A New York licensed accident and health insurance agent is the president of a New York tax-exempt social welfare organization, which is not-for-profit and operated exclusively to promote the social welfare of its members who are various individuals employed in New York.1 The agent would like to have his earned commissions, which stem from the sale of accident and health insurance policies to organization members, remitted directly to the organization in exchange for a salary as the president of the organization.

Analysis:

Receipt of Commissions

N.Y. Ins. Law § 2114(a)(3) (McKinney Supp. 2005) prohibits insurers, fraternal benefit societies, health maintenance organizations and agents from paying commissions to any person, firm, association or corporation that is not licensed in New York as an accident and health insurance agent or insurance broker, by providing:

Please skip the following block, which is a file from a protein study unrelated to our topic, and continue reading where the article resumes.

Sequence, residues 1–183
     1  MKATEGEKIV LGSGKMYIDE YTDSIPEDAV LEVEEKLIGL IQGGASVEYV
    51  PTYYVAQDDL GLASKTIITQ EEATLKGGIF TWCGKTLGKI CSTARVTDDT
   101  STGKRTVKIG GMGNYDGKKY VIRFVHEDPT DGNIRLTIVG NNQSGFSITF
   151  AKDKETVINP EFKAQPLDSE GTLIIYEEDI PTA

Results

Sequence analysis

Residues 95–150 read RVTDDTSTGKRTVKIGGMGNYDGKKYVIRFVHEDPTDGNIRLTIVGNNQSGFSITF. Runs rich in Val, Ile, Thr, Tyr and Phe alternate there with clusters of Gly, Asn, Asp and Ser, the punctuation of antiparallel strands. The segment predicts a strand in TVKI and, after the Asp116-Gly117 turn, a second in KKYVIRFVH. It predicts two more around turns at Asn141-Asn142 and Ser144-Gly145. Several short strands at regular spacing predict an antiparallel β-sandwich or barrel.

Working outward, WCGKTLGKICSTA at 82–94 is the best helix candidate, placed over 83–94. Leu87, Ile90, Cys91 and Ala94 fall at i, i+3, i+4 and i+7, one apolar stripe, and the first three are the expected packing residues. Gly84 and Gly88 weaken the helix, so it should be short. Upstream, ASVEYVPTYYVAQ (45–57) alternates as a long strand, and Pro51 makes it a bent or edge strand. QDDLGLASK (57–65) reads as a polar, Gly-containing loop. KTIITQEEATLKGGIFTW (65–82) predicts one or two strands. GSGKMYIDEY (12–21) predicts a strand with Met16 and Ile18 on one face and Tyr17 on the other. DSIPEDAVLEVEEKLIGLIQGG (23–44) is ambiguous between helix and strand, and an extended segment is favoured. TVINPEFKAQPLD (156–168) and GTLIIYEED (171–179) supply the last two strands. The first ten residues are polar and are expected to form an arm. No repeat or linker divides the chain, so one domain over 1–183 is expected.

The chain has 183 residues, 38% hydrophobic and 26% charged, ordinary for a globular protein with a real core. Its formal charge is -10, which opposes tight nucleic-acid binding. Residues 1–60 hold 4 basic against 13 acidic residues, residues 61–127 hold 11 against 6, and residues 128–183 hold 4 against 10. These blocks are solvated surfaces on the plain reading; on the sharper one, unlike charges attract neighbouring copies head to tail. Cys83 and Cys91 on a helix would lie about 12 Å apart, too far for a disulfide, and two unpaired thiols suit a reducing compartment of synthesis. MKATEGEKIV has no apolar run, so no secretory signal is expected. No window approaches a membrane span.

No insurer, fraternal benefit society or health maintenance organization doing business in this state and no agent or other representative thereof shall pay any commission or other compensation to any person, firm, association or corporation for services in soliciting, negotiating or selling in this state any new contract of accident or health insurance or any new health maintenance organization contract, except to a licensed accident and health insurance agent of such insurer, such society or health maintenance organization, or to a licensed insurance broker of this state, and except to a person described in paragraph two or three of subsection (a) of section two thousand one hundred one of this article.

The New York Insurance Law does not prohibit not-for-profit organizations from becoming licensed as insurance agents. We offer no opinion as to whether the organization may otherwise engage in the proposed activity pursuant to any other applicable laws.